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The newspaper of The Johns Hopkins University March 27, 2006 | Vol. 35 No. 27
Francis Fukuyama Publishes Book on Democracy, Neoconservative Legacy

By Felisa Neuringer Klubes

Francis Fukuyama, the Bernard L. Schwartz Professor of International Political Economy and director of the International Development Program at SAIS, crystallizes four years of thinking and writing about U.S. foreign policy in his latest book, America at the Crossroads: Democracy, Power and the Neoconservative Legacy, just out from Yale University Press.

Fukuyama's criticism of the Iraq war puts him at odds with neoconservative friends both within and outside the Bush administration. In America at the Crossroads, he writes that in its decision to invade Iraq the Bush administration failed in its stewardship of American foreign policy. First, he says, the administration wrongly made preventive war the central tenet of its foreign policy. In addition, it badly misjudged the global reaction to its exercise of "benevolent hegemony." And finally, it failed to appreciate the difficulties involved in large-scale social engineering, grossly underestimating the difficulties involved in establishing a successful democratic government in Iraq.

Fukuyama explores the contention by the Bush administration's critics that it had a neoconservative agenda that dictated its foreign policy during the president's first term. Tracing the varied strands of neoconservative thought since the 1930s, Fukuyama argues that the movement's legacy is a complex one that can be interpreted quite differently than it was after the end of the Cold War.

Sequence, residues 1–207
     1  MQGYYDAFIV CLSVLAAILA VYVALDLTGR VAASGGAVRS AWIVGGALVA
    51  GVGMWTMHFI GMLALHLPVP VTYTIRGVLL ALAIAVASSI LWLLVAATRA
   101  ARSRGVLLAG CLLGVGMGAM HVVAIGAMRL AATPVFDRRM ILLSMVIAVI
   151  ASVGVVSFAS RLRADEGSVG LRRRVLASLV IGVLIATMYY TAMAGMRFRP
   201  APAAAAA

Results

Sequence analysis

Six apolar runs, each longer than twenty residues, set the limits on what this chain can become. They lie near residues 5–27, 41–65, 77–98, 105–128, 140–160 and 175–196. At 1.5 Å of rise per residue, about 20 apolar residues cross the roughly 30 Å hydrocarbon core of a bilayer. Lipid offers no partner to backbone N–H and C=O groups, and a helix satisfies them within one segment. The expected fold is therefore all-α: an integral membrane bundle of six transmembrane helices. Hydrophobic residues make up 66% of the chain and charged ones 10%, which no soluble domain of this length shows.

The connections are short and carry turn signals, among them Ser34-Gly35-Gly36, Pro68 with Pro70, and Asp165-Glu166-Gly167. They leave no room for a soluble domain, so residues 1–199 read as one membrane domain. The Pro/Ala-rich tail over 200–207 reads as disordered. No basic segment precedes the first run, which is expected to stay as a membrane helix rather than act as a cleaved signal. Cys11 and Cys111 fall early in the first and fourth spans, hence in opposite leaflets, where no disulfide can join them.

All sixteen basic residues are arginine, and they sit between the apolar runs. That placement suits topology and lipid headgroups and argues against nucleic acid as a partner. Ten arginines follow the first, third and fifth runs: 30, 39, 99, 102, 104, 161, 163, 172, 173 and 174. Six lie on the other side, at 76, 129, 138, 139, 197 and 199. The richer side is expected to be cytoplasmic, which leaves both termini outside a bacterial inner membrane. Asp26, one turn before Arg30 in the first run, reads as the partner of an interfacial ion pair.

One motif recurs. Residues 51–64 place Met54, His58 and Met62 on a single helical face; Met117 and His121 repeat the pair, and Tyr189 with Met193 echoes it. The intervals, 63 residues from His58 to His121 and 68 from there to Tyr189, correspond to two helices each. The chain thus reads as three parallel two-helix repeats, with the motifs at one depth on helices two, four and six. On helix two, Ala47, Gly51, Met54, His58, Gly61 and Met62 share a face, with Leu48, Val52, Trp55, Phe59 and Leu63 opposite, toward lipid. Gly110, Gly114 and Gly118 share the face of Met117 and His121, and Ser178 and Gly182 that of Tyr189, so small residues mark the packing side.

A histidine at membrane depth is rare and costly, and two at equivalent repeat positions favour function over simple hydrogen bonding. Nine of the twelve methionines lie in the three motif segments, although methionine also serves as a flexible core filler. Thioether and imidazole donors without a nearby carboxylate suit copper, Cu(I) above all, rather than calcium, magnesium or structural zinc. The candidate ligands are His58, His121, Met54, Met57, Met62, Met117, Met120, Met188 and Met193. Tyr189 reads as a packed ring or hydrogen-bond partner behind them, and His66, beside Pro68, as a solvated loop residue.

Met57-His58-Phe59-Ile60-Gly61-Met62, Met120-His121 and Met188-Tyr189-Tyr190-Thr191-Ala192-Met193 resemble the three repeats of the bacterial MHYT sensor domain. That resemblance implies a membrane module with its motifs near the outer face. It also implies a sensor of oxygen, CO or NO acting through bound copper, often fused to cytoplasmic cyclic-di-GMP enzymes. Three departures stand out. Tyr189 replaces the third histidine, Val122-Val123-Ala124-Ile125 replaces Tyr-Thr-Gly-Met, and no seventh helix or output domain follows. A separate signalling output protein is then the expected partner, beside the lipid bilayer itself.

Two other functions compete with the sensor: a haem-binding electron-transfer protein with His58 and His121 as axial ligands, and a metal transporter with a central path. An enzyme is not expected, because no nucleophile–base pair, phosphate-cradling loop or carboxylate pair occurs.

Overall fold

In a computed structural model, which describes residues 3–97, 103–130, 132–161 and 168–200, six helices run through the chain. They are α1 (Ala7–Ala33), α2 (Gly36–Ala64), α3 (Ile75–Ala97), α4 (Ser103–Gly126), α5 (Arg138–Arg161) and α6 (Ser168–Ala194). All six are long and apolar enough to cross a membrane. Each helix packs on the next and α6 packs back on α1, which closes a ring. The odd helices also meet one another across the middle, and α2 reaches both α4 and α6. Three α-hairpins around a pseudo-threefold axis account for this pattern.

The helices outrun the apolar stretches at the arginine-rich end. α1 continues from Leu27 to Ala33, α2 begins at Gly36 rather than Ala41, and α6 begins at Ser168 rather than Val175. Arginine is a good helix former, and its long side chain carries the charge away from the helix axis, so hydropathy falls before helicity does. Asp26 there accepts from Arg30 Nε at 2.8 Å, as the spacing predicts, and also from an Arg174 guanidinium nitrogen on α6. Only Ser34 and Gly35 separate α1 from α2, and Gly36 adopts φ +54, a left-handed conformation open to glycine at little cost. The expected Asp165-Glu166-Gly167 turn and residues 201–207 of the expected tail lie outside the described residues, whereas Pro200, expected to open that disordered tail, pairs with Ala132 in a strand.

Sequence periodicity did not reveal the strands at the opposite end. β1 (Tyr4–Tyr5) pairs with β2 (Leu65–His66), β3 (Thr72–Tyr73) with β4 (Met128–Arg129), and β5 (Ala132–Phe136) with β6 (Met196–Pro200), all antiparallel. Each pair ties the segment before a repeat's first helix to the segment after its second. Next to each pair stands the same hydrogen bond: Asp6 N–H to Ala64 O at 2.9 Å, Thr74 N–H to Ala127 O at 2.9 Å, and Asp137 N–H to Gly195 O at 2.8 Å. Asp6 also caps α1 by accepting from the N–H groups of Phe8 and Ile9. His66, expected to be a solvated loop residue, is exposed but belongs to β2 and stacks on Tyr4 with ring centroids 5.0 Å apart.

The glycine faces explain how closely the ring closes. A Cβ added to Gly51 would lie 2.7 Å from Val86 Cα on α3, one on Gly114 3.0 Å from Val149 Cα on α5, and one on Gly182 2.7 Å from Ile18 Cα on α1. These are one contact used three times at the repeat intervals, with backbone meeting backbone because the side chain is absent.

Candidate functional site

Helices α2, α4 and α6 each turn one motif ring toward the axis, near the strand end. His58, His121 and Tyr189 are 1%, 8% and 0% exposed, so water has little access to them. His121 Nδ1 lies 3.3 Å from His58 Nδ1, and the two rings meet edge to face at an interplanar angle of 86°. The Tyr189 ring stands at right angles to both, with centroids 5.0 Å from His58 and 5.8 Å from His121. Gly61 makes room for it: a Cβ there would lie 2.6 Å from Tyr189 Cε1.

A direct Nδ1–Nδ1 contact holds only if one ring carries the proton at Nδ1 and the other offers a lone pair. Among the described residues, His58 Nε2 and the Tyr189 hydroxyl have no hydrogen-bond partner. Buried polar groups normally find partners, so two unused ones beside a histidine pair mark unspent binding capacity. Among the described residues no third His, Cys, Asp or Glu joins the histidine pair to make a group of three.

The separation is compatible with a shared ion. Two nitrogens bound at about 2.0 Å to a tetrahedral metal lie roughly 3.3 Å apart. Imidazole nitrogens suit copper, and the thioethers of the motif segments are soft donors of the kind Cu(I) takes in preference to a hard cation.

Analyzing the Bush administration's miscalculations in responding to the post-Sept. 11 challenge, America at the Crossroads proposes a new approach to American foreign policy through which such mistakes might be turned around, one in which the positive aspects of the neoconservative legacy are joined with a more realistic view of the way American power can be used around the world.

Fukuyama stakes out a position that is not captured by existing schools within today's U.S. foreign policy debate but is one that he thinks would be supported by a fairly broad spectrum of Americans. Provisionally labeling it "realistic Wilsonianism," Fukuyama defines a way for the United States to promote political and economic development other than regime change through pre-emptive war, and he opens up an agenda of multiple multilateralisms appropriate to the real, existing world of globalization.


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